UX

Reputation management

Lorcan 2 min read

birmingham.pngI notice that The University of Birmingham has a prominent link to information about brand developments on its website.

In order to maintain our competitive position against other UK and international universities we needed to communicate the University’s key values more clearly, values that refer to our tradition as well as focusing on our contemporary achievements and ambitions. These values need to differentiate Birmingham from all of its competitors. The new brand, in its use of academic statements and arresting comments, allows us to do this. [University Brand]

This again reminded me of a comment in William J Mitchell’s e-topia which has been in my mind since I read it some time ago. He is comparing offline and online experience:

Nor do you have the benefit of familiar architectural cues; the dignified stone facade of the local branch bank, for example, with its comforting intimations of solidity, permancence, and reliability, is replaced by the interface of an online home banking or financial management system. So, as Internet marketeers quickly figured out, trusted brand names and brokers play an increasingly crucial role. For organizations with goods and services to offer, maintaining brand equity on the information superhighway serves essentially the same purpose – in a much larger context – as maintaining conspicuous premises on Main Street. [e-topia: “Urban life, Jim – but not as we know it”. p88]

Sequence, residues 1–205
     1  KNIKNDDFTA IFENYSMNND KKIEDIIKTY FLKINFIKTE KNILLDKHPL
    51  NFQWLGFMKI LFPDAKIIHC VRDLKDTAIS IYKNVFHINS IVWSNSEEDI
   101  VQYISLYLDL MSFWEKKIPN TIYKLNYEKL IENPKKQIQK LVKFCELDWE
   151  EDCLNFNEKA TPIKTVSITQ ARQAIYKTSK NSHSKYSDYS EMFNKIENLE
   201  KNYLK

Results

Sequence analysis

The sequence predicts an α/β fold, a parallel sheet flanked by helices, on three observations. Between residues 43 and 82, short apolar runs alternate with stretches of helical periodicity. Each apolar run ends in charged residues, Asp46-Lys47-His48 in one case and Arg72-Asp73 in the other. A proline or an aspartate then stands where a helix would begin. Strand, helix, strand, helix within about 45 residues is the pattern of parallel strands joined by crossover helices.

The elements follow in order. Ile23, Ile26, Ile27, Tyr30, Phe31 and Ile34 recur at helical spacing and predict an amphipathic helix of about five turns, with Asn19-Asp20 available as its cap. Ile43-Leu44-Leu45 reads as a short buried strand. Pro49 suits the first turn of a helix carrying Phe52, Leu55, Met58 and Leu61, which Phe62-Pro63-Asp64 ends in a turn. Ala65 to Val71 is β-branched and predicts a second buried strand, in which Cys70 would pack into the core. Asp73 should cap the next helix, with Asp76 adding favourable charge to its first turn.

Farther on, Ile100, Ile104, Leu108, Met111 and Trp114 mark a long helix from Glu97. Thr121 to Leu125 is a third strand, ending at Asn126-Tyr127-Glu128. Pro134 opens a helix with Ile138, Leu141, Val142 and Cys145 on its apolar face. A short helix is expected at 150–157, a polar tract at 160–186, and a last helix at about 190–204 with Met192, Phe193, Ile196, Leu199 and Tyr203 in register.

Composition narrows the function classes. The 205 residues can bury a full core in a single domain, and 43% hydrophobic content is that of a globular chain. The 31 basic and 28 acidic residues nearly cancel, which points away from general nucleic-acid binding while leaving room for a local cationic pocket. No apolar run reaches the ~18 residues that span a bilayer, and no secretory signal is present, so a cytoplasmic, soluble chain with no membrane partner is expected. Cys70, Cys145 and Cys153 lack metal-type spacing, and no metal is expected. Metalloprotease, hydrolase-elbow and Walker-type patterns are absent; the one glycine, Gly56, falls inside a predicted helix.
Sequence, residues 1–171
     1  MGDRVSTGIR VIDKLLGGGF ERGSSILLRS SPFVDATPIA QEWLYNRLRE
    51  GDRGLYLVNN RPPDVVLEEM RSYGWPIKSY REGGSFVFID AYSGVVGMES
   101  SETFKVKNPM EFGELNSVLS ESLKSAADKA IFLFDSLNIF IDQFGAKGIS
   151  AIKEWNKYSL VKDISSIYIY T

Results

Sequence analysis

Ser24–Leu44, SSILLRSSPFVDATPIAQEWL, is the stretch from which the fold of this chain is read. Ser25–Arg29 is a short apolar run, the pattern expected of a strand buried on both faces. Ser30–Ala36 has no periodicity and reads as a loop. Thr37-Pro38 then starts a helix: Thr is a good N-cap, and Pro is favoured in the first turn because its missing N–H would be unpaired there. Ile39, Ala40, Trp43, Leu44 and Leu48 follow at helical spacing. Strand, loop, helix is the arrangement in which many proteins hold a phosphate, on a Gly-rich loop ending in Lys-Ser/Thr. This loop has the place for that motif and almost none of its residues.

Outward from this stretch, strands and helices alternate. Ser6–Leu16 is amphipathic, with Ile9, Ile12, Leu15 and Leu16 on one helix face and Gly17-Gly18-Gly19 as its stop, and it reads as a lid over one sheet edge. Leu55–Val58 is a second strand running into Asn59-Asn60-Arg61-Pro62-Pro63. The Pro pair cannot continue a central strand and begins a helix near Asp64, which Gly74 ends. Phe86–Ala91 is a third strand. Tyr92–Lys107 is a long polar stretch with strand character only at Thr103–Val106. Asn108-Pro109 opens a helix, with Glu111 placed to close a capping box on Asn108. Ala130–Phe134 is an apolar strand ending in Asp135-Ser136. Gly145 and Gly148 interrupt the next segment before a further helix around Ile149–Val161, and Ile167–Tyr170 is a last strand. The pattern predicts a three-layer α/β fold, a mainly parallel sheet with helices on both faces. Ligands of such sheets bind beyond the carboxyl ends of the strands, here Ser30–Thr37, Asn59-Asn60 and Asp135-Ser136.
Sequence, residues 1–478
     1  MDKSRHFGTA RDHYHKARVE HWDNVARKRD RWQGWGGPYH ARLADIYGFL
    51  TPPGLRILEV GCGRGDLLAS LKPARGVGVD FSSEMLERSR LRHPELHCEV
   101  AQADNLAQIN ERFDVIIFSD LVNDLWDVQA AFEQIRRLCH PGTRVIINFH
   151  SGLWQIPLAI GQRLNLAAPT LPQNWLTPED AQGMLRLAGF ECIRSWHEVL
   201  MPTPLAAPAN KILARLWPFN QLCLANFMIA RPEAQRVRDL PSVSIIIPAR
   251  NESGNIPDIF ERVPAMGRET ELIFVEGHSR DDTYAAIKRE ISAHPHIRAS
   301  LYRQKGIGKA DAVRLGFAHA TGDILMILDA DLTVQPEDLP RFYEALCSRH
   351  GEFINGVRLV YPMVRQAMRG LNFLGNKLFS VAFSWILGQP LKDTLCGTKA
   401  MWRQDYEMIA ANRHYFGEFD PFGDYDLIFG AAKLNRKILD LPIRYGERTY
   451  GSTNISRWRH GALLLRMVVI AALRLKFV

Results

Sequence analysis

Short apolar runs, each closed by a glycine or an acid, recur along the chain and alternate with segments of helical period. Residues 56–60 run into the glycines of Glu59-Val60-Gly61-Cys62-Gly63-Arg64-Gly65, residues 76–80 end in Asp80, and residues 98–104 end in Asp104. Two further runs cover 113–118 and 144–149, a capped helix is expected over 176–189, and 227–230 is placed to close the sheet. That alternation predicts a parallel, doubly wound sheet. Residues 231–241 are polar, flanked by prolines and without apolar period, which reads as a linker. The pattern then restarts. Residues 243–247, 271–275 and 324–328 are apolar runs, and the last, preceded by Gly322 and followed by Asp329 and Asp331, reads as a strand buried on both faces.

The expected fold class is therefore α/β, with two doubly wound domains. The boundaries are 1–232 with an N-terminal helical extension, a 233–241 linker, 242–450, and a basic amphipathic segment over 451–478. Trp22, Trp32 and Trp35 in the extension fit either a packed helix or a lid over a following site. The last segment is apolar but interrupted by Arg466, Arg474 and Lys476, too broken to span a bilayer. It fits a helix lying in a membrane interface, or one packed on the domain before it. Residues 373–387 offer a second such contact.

Brand may be a word that is not congenial to some librarians, but I think that it is useful to think about library brand and a network environment. Another thing to return to in a future entry.
Note: I alluded to this quote before, when discussing Cornell’s logo makeover. Something with similar motivation: how to communicate tradition and innovation? There, I mistakenly suggested it was from Me++, e-topia’s successor in Mitchell’s trilogy about cities and networks. Interestingly, although I have all three books on my shelves at home, when I wanted to check where the words were from, my first recourses were Google Print and Amazon. I was disappointed not to turn anything up. That old gravitational pull

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